-Christopher Hitchens, Letters to a Young Contrarian
As the proud son of Peruvian immigrants, I’m so happy to see EA getting involved in the Latin American community!
I would recommend looking into Peru’s top universities such as Pontificia Universidad Católica del Perú, Universidad Peruana Cayetano Heredia, and Universidad Nacional Mayor de San Marcos (UNMSM) to start EA college groups there or recruit professionals from there.
From what I’ve been told by family and family friends (I grew up very involved in the North NJ Peruvian community and culture), Peru has a way better high school (secundaria) education system in mathematics than US public high schools. Some people told me they were required to take Calculus I and Calculus II to graduate high school.
Also, Peruvian-Americans in the United States have a percentage of obtaining a bachelor's degree than the average American and Caucasian Americans. According to Wikipedia, “44% of Peruvians born in the United States over the age of 25 have college degrees, exceeding the US national average of 24%.” Last year when I checked the US Census data website’s most recent data, it showed around 36%, if I remember correctly.
Working with the Institute for Liberty and Democracy based in Lima can have a high impact too. The magazine “The Economist” once called it one of the two most important think tanks in the world and was founded by multi-award-winning economist Hernando de Soto.
“ The Institute for Liberty and Democracy (ILD), led by Peruvian economist Hernando de Soto, works with developing countries to implement property and business rights reforms that provide the legal tools and institutions required for citizens to participate in the formal national and global economy. ILD works toward a world in which all people have equal access to secure rights to their real property and business assets to pull themselves—and their countries—out of poverty.” https://www.ild.org.pe/
Hey Tyler, I love this post! It felt intuitive to me that when people are in legal issues, it’s in their and those indirectly and indirectly involved best interests to not speak too much on the matter under investigation. But I am noticing many EAs are frustrated and at times demanding EA public figures and leaders to give more information.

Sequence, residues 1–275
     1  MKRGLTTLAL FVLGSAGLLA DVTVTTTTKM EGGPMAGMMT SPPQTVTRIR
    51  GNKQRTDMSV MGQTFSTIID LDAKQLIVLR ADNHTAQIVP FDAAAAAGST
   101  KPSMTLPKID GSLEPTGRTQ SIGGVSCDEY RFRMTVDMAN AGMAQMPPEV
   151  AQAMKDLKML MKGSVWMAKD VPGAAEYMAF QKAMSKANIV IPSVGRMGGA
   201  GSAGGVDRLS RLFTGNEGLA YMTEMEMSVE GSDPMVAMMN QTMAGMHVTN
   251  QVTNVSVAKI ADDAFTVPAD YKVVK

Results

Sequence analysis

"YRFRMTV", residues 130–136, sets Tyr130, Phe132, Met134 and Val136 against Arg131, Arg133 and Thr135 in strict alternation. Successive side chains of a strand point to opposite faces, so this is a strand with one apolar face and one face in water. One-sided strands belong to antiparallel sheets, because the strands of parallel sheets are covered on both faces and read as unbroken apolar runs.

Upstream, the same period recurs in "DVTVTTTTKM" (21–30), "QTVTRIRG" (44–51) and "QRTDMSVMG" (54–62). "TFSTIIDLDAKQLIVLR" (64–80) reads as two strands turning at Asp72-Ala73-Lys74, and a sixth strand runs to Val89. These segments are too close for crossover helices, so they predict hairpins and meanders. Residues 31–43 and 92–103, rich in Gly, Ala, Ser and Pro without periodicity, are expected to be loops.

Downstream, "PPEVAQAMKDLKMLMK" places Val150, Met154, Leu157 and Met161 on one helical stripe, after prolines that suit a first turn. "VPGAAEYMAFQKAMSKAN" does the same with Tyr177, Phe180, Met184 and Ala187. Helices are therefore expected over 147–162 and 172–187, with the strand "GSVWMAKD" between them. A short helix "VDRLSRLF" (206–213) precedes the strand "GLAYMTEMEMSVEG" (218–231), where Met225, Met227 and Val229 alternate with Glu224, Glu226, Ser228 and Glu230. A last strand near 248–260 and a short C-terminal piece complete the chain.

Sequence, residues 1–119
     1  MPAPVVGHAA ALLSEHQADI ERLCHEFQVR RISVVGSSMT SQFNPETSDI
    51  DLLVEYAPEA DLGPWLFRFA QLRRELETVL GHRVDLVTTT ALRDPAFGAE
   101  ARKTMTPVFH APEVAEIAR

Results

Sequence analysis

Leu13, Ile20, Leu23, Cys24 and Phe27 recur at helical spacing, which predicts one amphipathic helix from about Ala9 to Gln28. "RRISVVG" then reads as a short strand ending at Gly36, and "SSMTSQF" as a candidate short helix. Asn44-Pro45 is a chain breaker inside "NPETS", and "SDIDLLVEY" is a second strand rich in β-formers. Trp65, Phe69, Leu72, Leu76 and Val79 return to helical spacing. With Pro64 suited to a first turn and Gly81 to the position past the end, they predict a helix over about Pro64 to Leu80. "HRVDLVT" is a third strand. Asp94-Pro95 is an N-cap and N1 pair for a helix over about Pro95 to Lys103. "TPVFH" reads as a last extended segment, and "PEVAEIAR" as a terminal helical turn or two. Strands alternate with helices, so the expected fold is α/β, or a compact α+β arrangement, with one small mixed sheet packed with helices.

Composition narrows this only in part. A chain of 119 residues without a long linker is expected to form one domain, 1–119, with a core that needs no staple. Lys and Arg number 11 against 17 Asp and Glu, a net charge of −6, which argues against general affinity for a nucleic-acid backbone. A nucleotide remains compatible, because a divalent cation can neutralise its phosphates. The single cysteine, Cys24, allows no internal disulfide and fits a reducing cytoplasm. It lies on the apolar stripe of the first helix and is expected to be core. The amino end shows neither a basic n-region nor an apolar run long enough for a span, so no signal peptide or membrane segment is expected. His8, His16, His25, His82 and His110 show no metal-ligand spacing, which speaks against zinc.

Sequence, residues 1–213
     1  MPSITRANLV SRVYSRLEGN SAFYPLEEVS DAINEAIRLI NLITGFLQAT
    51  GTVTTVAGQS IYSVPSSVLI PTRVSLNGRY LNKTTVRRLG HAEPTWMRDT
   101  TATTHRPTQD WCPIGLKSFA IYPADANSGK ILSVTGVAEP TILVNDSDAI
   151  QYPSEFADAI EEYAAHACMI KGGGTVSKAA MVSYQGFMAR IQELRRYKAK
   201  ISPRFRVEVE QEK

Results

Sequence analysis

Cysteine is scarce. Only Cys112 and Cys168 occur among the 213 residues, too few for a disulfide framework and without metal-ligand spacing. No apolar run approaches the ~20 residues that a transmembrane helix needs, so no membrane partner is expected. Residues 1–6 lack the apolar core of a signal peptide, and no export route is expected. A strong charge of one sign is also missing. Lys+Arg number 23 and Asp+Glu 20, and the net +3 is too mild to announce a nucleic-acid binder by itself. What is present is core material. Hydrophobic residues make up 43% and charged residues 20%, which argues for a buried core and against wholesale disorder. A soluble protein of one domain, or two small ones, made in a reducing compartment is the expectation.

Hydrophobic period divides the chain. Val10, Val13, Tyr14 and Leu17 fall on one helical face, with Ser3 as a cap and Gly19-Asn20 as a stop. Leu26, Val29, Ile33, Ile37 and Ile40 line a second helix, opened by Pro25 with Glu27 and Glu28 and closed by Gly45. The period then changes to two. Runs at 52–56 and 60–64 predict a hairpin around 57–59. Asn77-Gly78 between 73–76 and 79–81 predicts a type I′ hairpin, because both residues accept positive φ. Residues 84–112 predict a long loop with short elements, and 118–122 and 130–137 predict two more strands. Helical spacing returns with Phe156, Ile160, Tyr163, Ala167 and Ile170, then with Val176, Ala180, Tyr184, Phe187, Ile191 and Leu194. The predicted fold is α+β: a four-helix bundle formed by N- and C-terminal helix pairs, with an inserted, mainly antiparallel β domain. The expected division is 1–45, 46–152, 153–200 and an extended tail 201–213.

This post is a necessary legal explanation for a lack of direct and continuous information during the current FTX affairs. As someone with no legal background, I really appreciated how you avoided to use legal jargon.
You said, “ Some people are saying this is no surprise, as all of crypto was a Ponzi scheme from the start.” if you’re willing enough to post other people’s opinions, then you agree with it to an extent.
And then you further try to support this connotation of crypto and Ponzi scheme by saying “some Ponzi schemes have been operated there I’m sure.”
As stated earlier, I’m not taking sides on if crypto is a net good or net bad, but let’s be honest and straightforward on our said statements. And not try to redefine our noted statements to save face.
Fair point. I understand OP’s post was more of a vent (mine coming soon), but he should’ve expanded more of his reason and evidence for calling blockchain a “Ponzi scheme.”
(Side note: By no means am I a one of these “crypto bros.” I have as little money invested in it as you’d expect any other average Hispanic son of immigrants and recent community college graduate would. I’d say I’m neutral when it comes to crypto.)
Interesting guests! I look forward to listening to some of these interviews!
However, "I think there's a real gap in the EA media-verse on the intersection of left-wing politics and EA." is somewhat untrue. After all, EA has made headlines in many left-wing media such as Vox, the New York Times, The Washington Post, the New Yorker, etc. The vast majority of EAs I've met are politically on the left. But I do hope this podcast could help get more people, who happen to be leftists, into EA.
Although I hate labels, I consider myself left of center on the political spectrum but would be very interested if someone had a similar podcast platform but for conservatives and libertarian EAs. Some of the most interesting EAs I've met happen to be libertarians. I'm all for diversity of thought in good faith.
I'm so happy to see the EA community trying to increase la comunidad de EA para mi gente en Latino America!
However, a common criticism of EAs and the EA community seems to be showing up again. In the New Yorker piece on William MacAskill and EA, one of the criticisms was that EAs, like Sam Bankman-Fried, will live in luxurious areas (the Bahamas) and houses.
I recall a fellow EA telling me how when he temporarily lived in Peru, the country where my parents are from and I hold citizenship and share a strong culture, he lived in Mira Flores, an upper echelon of the capital where the wealthy and most fortunate reside.
I hope EAs in the fellowship err away from living in the aristocratic communities and instead try to live among the common, working-class (or middle-class) citizens of Mexico. Especially, if you plan on addressing issues in Mexico that affect the people.
Best of look on this fellowship! ¡Mucha suerte en los proyectos, hermanos y hermanas!
First, I would call your primary care physician and inform them about your vegan diet and ask for a blood test. The results will inform you and your doctor what vitamins you are lacking in, whether that’s D3, Omega 3, B12, etc.
I’d be skeptical of taking multivitamins or supplements your primary care physician doesn't prescribe or recommend. https://sciencebasedmedicine.org/should-i-take-a-multivitamin/